And while Clark Kent might go and live a pretty dandy life, Superman can do so much more.

You see, I’m not condemning Christians who go about this kind of life, for it isn’t my place to judge. They could be perfectly good and amazing people that live fairly moral lives with a smile on their face and a helping hand at the ready, and that is awesome in and of itself! They have already accepted Christ as their Savior, thus establishing their identities as one with Christ, so whether or not they pursue the Way Christ preaches of, they will still have their spot in heaven (for salvation is by grace alone and not through works, Eph. 2:8-9). To condemn them would be to condemn myself, for I so often fall into the same, stagnant role in which I forget my identity in Christ and go about for days, weeks, or even months before suddenly reminding myself of who He has made me. This blog post is just as much for me as it is for everyone else. It’s a part of the Christian walk, the Law of Undulation, the constant fluctuation between spiritual highs and spiritual lows that we experience throughout our earthly life (see The Screwtape Letters by C.S. Lewis for more on that).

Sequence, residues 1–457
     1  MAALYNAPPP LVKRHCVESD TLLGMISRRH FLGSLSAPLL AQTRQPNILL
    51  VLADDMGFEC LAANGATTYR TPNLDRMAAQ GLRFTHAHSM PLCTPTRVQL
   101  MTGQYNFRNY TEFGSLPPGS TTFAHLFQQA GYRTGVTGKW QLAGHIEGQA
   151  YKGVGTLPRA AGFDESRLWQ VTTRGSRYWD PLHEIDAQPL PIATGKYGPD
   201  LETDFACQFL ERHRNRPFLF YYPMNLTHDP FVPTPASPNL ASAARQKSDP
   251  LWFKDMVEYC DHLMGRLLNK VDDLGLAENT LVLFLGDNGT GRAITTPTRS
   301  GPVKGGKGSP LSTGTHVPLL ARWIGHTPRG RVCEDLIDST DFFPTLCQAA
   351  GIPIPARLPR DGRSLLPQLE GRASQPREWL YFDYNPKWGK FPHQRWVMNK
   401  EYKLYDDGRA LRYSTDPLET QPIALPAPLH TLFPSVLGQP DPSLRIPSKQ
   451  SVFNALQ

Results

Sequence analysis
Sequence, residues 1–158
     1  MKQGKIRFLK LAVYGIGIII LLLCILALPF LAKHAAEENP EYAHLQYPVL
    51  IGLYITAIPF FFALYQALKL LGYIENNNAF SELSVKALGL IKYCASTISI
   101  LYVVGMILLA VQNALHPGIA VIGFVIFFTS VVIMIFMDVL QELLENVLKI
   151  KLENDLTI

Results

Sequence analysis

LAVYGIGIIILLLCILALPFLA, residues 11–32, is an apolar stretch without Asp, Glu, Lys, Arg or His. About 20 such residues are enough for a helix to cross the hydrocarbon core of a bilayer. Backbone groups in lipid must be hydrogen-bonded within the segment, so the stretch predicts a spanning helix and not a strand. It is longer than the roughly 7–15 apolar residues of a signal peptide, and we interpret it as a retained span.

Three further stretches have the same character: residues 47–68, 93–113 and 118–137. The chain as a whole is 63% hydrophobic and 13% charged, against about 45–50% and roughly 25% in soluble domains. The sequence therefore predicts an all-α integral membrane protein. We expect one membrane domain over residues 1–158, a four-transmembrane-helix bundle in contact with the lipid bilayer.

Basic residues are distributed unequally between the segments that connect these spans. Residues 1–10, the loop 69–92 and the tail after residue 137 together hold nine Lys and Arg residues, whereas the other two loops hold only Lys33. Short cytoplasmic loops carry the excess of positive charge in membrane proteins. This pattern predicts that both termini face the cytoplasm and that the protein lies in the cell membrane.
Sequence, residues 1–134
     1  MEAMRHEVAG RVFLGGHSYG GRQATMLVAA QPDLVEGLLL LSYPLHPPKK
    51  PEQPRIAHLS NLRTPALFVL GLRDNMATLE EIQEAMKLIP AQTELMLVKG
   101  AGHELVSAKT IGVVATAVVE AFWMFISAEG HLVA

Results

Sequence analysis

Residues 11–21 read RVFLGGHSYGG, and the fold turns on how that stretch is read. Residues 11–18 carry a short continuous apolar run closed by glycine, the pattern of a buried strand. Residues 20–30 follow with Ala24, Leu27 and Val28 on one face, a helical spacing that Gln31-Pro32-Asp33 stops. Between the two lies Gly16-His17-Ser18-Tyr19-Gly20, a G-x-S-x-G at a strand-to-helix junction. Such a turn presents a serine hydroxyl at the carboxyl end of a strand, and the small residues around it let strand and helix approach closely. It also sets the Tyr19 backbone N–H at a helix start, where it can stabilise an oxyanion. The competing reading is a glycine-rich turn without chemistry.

My point is this: whether or not Clark Kent accepts the fact that he has superpowers, he’s still Superman. His lack of acknowledgement of the power he beholds doesn’t in any way take that power away from him, but instead leaves that power unused and immobile, wasted potential amidst a world of need. He’s still Superman underneath, but until he reminds himself of this fact and accepts the power he beholds, he’ll still be the everyday man behind the thick-rimmed glasses, going about his everyday life as an average Joe.

But as Superman, he can go out and change the world.

…with ease.